2021 Explanatory Reporting, Small Newsroom finalist

Sourced from Inside

About the Project

Nationwide, more than 650 correctional institutions run some sort of agricultural operation. Yet prisons are notoriously cagey about where all that food winds up. Over the course of several months, reporter Claire Brown set out to shed light on the companies and institutions that source food products from behind prison walls. This three-part series, Sourced from Inside, is the result of that endeavor.

Part One of this series identified the household-name food brands that source ingredients from prisons. They include Dairy Farmers of America, the milk marketing conglomerate that manufactures brands including Borden, Breakstone’s, and Plugra, as well as multinational corporations like Cargill and Louis Dreyfus Company.

The first installment also revealed that some state correctional industries went to extraordinary measures to maintain partnerships with private companies during the pandemic. In Arizona, for example, the largest egg producer in the Southwest asked for permission to house 140 incarcerated workers on site in a makeshift 6,000-foot warehouse for the duration of the pandemic. Arizona Correctional Industries agreed, and even built bunk beds for the operation. By summer, at least five workers had contracted Covid-19.

Part Two of this series is a graphics-driven piece exploring public-sector prison food sales. We found that hospitals, food banks, and schools all serve meals made by incarcerated workers. This installment also included reporting on a small federal program that allows private companies to hire people in prison to work on site for above-minimum wages. In Idaho, incarcerated people process potatoes that are later turned into French fries at chains like Five Guys. Though the pay scale may seem progressive on paper, prisons are allowed to withhold up to 80 percent of workers’ wages for room and board and other expenses, meaning someone making $7.80 per hour may take home just $0.80. A video embedded in the piece elaborates on these substantial deductions.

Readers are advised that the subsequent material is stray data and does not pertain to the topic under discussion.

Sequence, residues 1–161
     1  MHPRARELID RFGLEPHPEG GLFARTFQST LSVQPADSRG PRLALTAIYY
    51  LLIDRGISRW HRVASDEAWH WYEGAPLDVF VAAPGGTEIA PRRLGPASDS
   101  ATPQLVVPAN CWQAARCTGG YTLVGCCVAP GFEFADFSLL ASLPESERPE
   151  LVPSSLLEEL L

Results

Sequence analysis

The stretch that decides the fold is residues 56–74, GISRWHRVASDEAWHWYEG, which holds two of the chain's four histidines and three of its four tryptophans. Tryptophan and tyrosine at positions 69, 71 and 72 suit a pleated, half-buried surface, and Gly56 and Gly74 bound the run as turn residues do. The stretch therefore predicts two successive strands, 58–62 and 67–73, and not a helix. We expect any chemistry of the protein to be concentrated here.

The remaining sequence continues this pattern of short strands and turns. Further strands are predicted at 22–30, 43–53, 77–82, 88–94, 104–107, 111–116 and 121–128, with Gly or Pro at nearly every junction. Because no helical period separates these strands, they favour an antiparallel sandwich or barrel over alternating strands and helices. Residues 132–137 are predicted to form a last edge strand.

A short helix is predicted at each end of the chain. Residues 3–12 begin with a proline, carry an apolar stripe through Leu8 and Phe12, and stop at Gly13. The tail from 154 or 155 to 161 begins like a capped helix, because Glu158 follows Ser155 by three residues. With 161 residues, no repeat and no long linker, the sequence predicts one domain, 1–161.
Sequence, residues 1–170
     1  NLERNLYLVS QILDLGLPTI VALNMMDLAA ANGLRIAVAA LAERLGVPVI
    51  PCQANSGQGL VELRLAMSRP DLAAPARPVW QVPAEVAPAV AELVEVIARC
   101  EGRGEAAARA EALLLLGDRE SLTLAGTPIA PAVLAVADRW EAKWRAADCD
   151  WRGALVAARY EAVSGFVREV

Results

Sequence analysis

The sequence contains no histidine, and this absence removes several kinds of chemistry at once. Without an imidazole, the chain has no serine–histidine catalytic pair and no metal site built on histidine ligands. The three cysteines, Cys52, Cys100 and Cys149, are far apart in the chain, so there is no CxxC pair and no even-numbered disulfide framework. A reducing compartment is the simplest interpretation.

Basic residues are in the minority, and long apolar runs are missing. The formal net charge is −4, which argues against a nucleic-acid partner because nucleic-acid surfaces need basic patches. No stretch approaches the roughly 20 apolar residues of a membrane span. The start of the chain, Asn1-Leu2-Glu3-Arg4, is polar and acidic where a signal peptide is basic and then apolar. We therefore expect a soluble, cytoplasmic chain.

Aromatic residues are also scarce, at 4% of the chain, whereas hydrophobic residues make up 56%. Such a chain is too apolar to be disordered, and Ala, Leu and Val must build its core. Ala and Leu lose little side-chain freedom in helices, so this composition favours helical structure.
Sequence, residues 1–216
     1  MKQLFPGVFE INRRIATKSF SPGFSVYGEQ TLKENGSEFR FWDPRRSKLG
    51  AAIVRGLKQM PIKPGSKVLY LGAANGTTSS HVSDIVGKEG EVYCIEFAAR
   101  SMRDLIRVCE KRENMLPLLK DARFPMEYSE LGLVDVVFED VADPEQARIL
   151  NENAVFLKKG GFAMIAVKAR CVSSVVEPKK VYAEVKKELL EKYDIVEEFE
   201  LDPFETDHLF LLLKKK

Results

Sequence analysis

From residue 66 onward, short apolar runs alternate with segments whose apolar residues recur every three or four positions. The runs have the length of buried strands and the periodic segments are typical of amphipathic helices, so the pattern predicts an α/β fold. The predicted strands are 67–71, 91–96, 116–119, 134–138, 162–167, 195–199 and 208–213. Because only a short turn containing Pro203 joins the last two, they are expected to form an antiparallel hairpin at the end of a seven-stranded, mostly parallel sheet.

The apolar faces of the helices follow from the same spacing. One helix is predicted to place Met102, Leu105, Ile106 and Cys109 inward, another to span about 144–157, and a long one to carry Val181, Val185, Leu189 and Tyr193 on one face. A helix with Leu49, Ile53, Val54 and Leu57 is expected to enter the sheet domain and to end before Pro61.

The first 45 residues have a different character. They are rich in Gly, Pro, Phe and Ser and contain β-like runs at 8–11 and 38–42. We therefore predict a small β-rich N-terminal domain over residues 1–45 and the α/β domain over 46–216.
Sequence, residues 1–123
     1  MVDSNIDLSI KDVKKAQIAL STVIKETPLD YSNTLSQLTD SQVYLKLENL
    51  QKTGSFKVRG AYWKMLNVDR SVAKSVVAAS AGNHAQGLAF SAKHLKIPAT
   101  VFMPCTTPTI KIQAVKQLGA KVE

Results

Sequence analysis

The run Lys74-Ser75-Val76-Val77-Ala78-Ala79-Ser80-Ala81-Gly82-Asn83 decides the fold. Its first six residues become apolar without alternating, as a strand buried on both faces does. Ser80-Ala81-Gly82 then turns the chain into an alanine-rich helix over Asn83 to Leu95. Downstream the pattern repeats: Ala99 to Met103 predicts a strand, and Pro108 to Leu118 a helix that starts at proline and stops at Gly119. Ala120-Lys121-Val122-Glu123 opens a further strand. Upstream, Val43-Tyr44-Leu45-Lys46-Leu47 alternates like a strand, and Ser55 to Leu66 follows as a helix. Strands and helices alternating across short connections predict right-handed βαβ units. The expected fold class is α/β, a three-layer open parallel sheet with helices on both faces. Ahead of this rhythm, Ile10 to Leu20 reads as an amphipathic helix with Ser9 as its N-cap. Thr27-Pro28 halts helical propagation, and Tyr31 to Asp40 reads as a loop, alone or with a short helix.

In Part Three, we follow Ricardo DeLeon, an incarcerated man who supervised a team of about 20 people as they produced burritos in one Washington state’s prison food factories. Concerned about inadequate social distancing procedures and a lack of hand sanitizer in the factory, Ricardo attempted to work with management to lower production quotas and enforce safety procedures. He was unsuccessful, and one of his reports came to work feeling ill in the spring of 2020. The person tested positive for Covid-19, but management did nothing for four days. DeLeon eventually contracted the virus, and the food factory shut down permanently.